12:30 PM, 31st October 2011, About 10 years ago 7
When a tenant has a beef with their landlord, I’m the guy they go to. My job is to either negotiate or prosecute, depending on the circumstances. This occasional and random series aims to let landlords know the common complaints that are made about them, the laws that cover them and how to deal with them.
Tada!!!!! The perennial old favourite. Know this one?
Boy meets girl, love is in the air, what can keep 2 lovers apart? A landlord? Think again.
You rent out your property to Serena, she lives there in her 1 bed flat for a year, chaste and responsible and somewhere along the way meets Clint at the office Xmas party. Sparks fly, he stays the night and after a few weeks stops going home. They’ve become a couple.
The landlord finds out and says Clint shouldn’t be there and that as he is there they want more money from Serena. You accuse Serena of subletting. But where do you stand legally?
Everyone has heard of sub-lets. A proper, dyed in the wool sub-let is where the tenant moves out and sub-lets the entire property to another person, but this hasn’t happened here.
It is also possible to sub-let part of a property, like a room when a tenant takes in a lodger, but again, that also isn’t what is happening here, they are sharing the flat.
Sub-lets are a massive social problem. The government has a £500 reward in place for neighbours to shop people they know to be subletting social housing properties. Estimates are that it costs the country billions and plans are afoot to make sub letting council and housing association properties a criminal offence as an act of fraud.
The keys to a council flat in London go for around £8,000 on the black market at the moment, I know, I live here, I’ve been offered. I frequent those sorts of pubs.
Back to love’s lost dream. What have you got here legally? A sole tenant who has taken in a partner. No tenancy has been created. The landlord has no legal or contractual relationship with Clint, and Clint has no legal or contractual relationship with Serena. As an old Glaswegian girlfriend of mine used to say “his bum’s oot tha windae”.
He is just what is termed her ‘Bare Licencee’. He has no tenancy rights with her and isn’t entitled to a possession order from her before he can be made to leave. As a Bare Licencee all she has to do to get him out is tell him to go.
If Clint came to me and complained that Serena had thrown him out I would tell him that he had no legal rights there in the first place and that I could not get him back in.
We are presuming in this typical scenario that she is responsible for her own utility bills, so the landlord doesn’t have to pay higher bills because of the extra occupant.
You could take the view that the property might suffer more wear and tear than intended with 2 people in occupation, but in such a case that liability is still on Serena anyway and a claim could in theory be made on her deposit, independently of Clint.
Even if rent arrears accrue for some reason the landlord would pursue Serena, she would have no legal basis for saying Clint didn’t pay me his half last month. Clint aint on the contract so has no liability for anything other than to Serena as the head tenant, after all, he is just a Bare Licencee of hers, like an overnight visitor.
The tenancy agreement may have a clause prohibiting bringing in other people, in which case the landlord could launch a claim against Serena for breach of contract, which is ground 12 of the 17 different grounds available. However, this is a discretionary ground and even if proven, the judge would still have to find it ‘Reasonable’ to take away Serena’s home and would have to consider how the landlord was being disadvantaged by the arrangement and whether loss of Serena’s home would be ‘Reasonable’ redress for the breach. If they could see no financial loss or other detriment to the landlord’s position they probably wouldn’t grant possession even if breach of contract were proven.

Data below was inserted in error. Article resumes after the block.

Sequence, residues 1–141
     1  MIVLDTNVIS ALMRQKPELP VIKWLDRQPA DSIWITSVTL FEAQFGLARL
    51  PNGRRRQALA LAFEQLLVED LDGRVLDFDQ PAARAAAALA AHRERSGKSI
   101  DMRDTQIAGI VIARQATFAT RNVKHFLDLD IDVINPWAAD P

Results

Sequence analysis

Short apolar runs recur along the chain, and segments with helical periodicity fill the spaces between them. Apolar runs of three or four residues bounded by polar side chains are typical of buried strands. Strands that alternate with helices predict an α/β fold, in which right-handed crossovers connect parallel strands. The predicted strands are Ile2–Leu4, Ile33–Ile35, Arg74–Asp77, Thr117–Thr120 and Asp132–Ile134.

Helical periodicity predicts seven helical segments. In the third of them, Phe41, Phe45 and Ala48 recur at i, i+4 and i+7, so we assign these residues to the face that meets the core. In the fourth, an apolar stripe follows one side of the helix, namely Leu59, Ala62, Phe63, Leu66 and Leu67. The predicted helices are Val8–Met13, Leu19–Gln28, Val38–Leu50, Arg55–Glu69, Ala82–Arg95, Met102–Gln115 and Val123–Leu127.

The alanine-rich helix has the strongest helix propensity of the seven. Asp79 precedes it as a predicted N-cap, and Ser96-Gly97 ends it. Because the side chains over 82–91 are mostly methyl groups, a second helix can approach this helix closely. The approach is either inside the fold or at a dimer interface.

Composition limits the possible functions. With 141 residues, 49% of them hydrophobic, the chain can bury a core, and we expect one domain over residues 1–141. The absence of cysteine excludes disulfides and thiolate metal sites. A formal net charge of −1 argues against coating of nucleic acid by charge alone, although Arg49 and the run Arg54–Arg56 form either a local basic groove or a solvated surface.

So, as galling as you may personally deem this arrangement to be there isn’t actually much going on apart from a possible breach of contract, remedy for which would be at best questionable.
I had a recent case which was identical to this one except that in mine the new boyfriend was an absolute nightmare, blocking other resident’s parking bays, selling cars on the front and getting aggressive whenever anyone tried to talk to him about it.
The landlady, a lovely woman, a police officer, who said she never had any issues with the tenant before this, was beside herself because of the complaints she was getting from her tenant’s neighbours. She felt, as a responsible citizen, that she had to act to protect the peaceful occupations of the neighbours and I heartily support her actions, which was why I spent ages working with her.
Just as with the fictional Serena and Clint, the dreadful boyfriend had no security of tenure at all but the tenant was either too intimidated or too in love to tell him to leave. What the landlady then had available to her was ground 14, neighbor nuisance, which again is a discretionary ground for possession.
She chose to go the Section 21 route and gain possession against her tenant on the no fault – expiry of the fixed term ground, a wise choice.
Once possession came through, the tenant made a homelessness application and was told she was intentionally homeless because she failed to control her partner and this resulted in the landlord going for possession when she would not have done so if either the tenant hadn’t moved him in or he had behaved himself once in occupation.
Equally sad was the fact that as soon as she lost her flat he ran off with another woman for a free home, while she was left to fend for herself and is presumably sofa surfing with her child as we speak.
You see, tenants can be as effected by this as landlords and don’t always get off scot free.
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